Nolten had the contractual right for call of shares in the company and also to put such shares to a company which was related to Groeneveld Australia Pty Ltd. These rights had been set out in the two agreements which had been entered in with the Groeneveld Australia Pty Ltd and the companies related to Groeneveld Australia Pty Ltd. The first agreement gave Nolten the right to call for the issuance of shares in the company in two lots. The events were aligned in such a manner that Nolten used the second call option just before he got the notification from the company regarding the intent of the company to dismiss Nolten for the reasons of setting up a company which directly competed with Groeneveld Australia Pty Ltd. Upon the dismissal of Nolten, the put option was exercised by him. The company refused the issuance of shares based on the second call; in addition to this, the related company refused to fulfil the obligations of purchase based on the call and put option agreement (Holding Redlich, 2011).
The duties/responsibilities breached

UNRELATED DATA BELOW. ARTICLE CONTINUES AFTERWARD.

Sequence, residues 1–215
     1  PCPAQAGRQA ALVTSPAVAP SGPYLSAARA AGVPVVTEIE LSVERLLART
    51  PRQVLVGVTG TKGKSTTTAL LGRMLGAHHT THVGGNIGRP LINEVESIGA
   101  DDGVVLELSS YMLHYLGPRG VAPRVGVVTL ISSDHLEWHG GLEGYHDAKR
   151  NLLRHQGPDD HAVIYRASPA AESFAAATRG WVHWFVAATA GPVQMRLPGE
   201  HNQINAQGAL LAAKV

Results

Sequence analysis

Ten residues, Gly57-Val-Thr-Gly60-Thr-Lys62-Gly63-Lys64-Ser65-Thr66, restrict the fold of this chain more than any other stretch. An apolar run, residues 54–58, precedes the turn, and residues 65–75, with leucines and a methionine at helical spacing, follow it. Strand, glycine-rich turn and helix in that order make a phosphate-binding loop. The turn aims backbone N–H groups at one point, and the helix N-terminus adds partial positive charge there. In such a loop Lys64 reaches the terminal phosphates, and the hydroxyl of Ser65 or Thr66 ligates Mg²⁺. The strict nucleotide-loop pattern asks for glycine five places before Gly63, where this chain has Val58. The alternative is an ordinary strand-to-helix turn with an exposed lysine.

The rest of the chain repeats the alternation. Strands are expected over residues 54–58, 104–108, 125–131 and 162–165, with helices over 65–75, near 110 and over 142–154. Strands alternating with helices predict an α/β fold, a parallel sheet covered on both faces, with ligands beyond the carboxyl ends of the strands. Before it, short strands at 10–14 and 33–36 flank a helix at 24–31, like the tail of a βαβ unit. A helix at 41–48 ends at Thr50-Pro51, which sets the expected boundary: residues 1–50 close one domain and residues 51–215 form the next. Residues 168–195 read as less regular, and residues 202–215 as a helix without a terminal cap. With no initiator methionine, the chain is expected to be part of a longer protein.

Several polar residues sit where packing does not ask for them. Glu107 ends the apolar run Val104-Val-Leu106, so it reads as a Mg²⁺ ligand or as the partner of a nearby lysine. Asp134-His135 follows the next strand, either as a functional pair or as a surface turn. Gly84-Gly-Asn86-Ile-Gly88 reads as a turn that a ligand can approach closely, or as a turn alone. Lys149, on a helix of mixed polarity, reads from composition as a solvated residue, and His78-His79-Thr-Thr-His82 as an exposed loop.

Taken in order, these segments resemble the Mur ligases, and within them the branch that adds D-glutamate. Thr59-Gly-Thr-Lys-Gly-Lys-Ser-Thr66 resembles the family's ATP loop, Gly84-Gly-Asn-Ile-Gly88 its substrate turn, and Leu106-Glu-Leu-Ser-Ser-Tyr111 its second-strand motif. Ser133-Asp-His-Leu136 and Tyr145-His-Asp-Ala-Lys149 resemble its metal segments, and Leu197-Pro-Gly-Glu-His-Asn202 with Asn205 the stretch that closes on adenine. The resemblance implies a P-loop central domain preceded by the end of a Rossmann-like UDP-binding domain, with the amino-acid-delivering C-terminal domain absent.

As briefed upon in the introduction segment of this discussion, the directors of the company have been imposed with certain duties, which have to be fulfilled properly (Latimer, 2012). The first section relevant to this discussion is covered under section 181 of the Corporations Act which provides that the directors of the company have the civil duty of discharging their duties in best interest, in good faith of company and for a purpose which can be deemed as proper. The next duty is covered under section 182, where the directors are required to make use of the position held by them for proper purpose. In other words, the directors are restricted from making an improper use of the position which they hold for the purpose of gaining an advantage for themselves, or for the advantage of some else, or makes such use which is detrimental for the company (Cassidy, 2006). The next important duty which is placed on the directors is covered under section 183 of this act, which relates to the use of information. As per this section, any such individual who gets the information for the reasons of holding the position in the company, that of director or officer of the company or an employee, they should not make an improper use of the information which has been attained for the purpose of gaining an advantage for themselves, or for the advantage of some else, or makes such use which is detrimental for the company (Jade, 2011).